No football manager can get to the top without possessing resilient self-belief but if there is an urge to blow his own trumpet lurking within Tony Pulis, he hides it well.
There is craft as well as graft to his current Stoke team but offer this as ammunition to put a few detractors in their place and he'll insist he couldn't care less. Suggest likewise that establishing Stoke in the top half of the Premier League and guiding them to the last 32 of the Europa League might reflect rather well on his ability and he'll say that it is his chairman, Peter Coates, who deserves credit.
He was only ever likely to laugh, then, at the idea of passing on tips to Sir Alex Ferguson and Roberto Mancini on what it takes to succeed in Europe's second tier.
"They will do it the way they do it," he said. "They have worked in Europe for a long time and I think they will both be really competitive. Both clubs will want to win it.
"Alex will be ever so disappointed they have not qualified [in the Champions League] and will have the bit between his teeth. We could have City against United in the final."
Stoke, in any event, still have much to learn. Such as how to avoid the Sunday drubbings they suffered at Sunderland and Bolton after Thursday games in Kiev and Tel-Aviv.
"Without a doubt we were really tired coming back from those games," said Pulis, revealing that he walked through his front door after Stoke's final Europa League group match in Istanbul last Wednesday at a quarter to five on Thursday morning.
A repeat was averted on Saturday, largely because Pulis, safe in the knowledge that Stoke's progress was secured, had left his entire starting 11 at home. "It helped us going to Besiktas not needing to win to qualify," he said. "If that had been the case I'd have probably taken some of the players who started today, although for the first 20 minutes it looked like some of them had been on the plane."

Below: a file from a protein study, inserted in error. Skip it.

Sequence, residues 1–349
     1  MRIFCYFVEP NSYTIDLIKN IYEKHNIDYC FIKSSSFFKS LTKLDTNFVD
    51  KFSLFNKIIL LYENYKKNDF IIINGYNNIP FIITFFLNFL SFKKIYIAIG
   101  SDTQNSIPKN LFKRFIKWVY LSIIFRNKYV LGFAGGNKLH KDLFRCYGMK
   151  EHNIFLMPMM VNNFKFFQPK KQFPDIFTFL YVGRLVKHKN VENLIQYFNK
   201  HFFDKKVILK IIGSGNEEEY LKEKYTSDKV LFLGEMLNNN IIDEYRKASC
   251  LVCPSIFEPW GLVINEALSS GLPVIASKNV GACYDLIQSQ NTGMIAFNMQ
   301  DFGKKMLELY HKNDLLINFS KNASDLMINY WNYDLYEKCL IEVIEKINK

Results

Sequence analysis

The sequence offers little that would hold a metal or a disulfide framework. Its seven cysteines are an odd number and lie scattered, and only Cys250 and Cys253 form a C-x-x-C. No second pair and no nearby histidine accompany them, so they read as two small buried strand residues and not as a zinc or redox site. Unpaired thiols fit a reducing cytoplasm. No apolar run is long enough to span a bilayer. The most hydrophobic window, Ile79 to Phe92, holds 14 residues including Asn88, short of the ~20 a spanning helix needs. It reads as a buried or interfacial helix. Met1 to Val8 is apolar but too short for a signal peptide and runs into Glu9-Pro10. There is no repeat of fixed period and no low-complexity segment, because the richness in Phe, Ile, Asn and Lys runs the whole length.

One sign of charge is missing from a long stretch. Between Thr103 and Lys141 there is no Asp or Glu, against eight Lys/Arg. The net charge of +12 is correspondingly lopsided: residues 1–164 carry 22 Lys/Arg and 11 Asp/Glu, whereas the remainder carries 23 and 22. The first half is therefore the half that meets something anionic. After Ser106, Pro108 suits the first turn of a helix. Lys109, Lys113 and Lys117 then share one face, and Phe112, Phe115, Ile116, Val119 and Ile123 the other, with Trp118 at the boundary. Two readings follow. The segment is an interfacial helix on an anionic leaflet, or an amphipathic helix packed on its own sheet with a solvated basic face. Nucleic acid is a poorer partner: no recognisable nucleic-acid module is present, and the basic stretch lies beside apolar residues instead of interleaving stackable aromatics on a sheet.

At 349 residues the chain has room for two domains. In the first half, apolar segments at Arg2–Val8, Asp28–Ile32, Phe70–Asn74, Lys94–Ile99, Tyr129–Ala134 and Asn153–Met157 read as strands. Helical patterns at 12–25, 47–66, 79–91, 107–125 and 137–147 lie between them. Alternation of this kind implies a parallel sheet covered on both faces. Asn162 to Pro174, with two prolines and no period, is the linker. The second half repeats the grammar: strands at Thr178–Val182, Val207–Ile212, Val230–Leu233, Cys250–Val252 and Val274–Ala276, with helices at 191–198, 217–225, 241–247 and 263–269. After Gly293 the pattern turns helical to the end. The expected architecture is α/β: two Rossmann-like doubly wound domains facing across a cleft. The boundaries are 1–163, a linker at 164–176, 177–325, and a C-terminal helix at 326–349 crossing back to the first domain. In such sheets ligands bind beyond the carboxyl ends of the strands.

If that had not changed, Pulis added, "they were going to get it at half-time", but in the event an early penalty for Wolves altered the course of the game in a way that favoured Stoke.
It prompted Pulis to substitute Jonathan Woodgate, who had already been booked for a foul on winger Matt Jarvis when a trip on the same player had referee Anthony Taylor pointing to the spot. Woodgate was lucky not to be sent off but Pulis replaced him anyway with Jermaine Pennant, who gave Stoke the pace to attack Wolves on both flanks.
Pennant and Matthew Etherington became the key figures, along with Jonathan Walters and Peter Crouch in the middle, in helping their side achieve a fourth straight win for the first time in the Premier League and leave Wolves still precariously close to the bottom three after four defeats in five games.
Walters earned the free kick that led to Robert Huth beating Wayne Hennessey with a 30-yard shot deflected off Kevin Doyle before an eight-pass move involving both Pennant and Etherington concluded with Crouch's 99th league goal.
Scorers: Wolves Hunt pen 17. Stoke Doyle og 58, Crouch 70. Substitutes: Wolves Guedioura 6 (Milijas, 75), Ebanks-Blake 5 (Doyle, 75), Hammill (Hunt, 80). Stoke Pennant 9 (Woodgate, 19), Palacios (Whelan, 83), Fuller (Etherington, 88). Booked: Wolves Milijas, Berra. Stoke Woodgate, Shawcross, Whitehead. Man of the match Pennant. Match rating 5/10. Possession: Wolves 58% Stoke 42%. Attempts on target: Wolves 5 Stoke 4. Referee A Taylor (Cheshire). Attendance 24,684.